The Verse’s Matt Austin tells us what he thought of Flume’s gig at Alexandra Palace on the 17th November.
So first things first, I am not a flume fan. Aside from a few preliminary streams before the gig, I had never given him much of a listen. So when I acquired a free ticket I was a little apprehensive to say the least. Furthermore, the dance scene is almost definitely not my scene, a statement that was reinforced from almost the minute I entered the grand rustic halls of Alexandra Palace. This was exemplified in the average age of those around me, capping at around 15/16, most of whom seemed to be there to blow off steam from GCSE stress. Naturally, camera flashes dominated the hall: the visual representation of thousands of teens taking the perfect photo to update their social media. After all, if you go out and don’t update your snapchat story, what’s the point? Before the music started, the show felt less like a gig and more like a particularly large night club, like a tame Ibiza with really expensive alcohol.
Then, the lights dimmed and Helix, the intro track of the new album, slowly began to fade in. It continued to fade in for the next five minutes, during which time the slightly drunk crowd was feigning interest at best. Some of the more inebriated couldn’t remember a time before the intro, that was all they’ve ever known. Finally, the first few notes kicked in and a roar of approval went up from the crowd, the curtain dropped and the stage flickered into life as Flume took his place behind his laptop; and that’s exactly where he stayed for the rest of his hour long set, behind his laptop, pushing buttons. To give him credit, he was almost certainly doing more than simply pressing play on his mac, but from the audience’s perspective he may as well have been. Although when he pushed buttons he did a damn fine job of it, every move was flamboyantly over exaggerated in order to make the performance seem as interesting as possible. Any attempts to get the audience to clap along to the music however were often futile, as no-one tends to clap with phones in his hands (Naturally the crowd is a sea of phones being held up to capture every moment). Occasionally Flume picked up a microphone and shouted something inaudible to the crowd, just to remind us that he was there and was probably doing something worthwhile.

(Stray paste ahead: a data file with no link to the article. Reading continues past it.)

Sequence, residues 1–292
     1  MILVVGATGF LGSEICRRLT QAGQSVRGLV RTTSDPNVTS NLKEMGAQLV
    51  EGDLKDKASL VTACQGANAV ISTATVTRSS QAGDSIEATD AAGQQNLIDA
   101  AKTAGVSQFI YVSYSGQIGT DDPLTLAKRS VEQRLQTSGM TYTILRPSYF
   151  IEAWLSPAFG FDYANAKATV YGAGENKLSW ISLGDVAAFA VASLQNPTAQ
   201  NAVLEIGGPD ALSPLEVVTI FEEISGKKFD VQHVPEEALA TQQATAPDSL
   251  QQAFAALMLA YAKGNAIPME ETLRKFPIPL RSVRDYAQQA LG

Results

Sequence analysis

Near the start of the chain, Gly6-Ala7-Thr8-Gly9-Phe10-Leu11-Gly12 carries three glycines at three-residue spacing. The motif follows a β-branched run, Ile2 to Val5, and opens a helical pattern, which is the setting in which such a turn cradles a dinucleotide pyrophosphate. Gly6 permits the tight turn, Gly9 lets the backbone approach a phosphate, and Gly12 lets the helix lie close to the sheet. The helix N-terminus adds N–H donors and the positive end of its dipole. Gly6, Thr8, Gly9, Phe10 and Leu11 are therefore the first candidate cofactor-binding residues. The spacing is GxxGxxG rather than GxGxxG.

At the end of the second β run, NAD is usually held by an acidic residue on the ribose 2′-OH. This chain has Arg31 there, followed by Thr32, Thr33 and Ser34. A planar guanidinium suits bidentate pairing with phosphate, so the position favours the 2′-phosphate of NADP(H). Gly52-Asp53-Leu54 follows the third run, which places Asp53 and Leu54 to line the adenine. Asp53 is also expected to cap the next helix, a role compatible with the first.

When you get tickets to a Flume gig, you’ve actually gotten tickets to a lights show – which is spectacular. Complete with lasers, giant floating cubes and psychedelic morphing visuals, it’s an exhibition to behold. It’s clear that the focus of such a show isn’t so much the performer as it is the music and stage production. It’s exactly the kind of production that lends itself to sizable venues such as Alexandra Palace.
Whilst I may not have been completely sold by Flume’s act, it would seem he had the rest of the venue eating out of the palm of his hand. People danced to literally every song, proving not so much that his songs were worth dancing to, but more that his fans will dance to anything with a pulse. Hits such as Holdin On garnered an excited response, and beer was tossed across the venue to anthems such as Smoke and Retribution (featuring a pre-recorded Vince Staples and Ku-ka). There was even a moment where someone got caught up in the madness and threw an entire burrito at me. Singalongs were also frequent, most notably during break out hits Never Be Like You and Say It. However its highly unlikely any of it would have been heard over the gut rumbling bass notes, going low enough to rupture the spleen of anyone over the age of 40.
In summary it would be unfair of me to condemn Flume and say this was a bad gig, it had the atmosphere, he had the songs and most of the crowd went home content. Ultimately this was a different gig, a gig where light shows, obscenely low bass and massive drops were kings. A look into a culture of those wanting the biggest beats, the highest of highs, all of the time. A look into a culture I don’t think I’ll ever fully understand.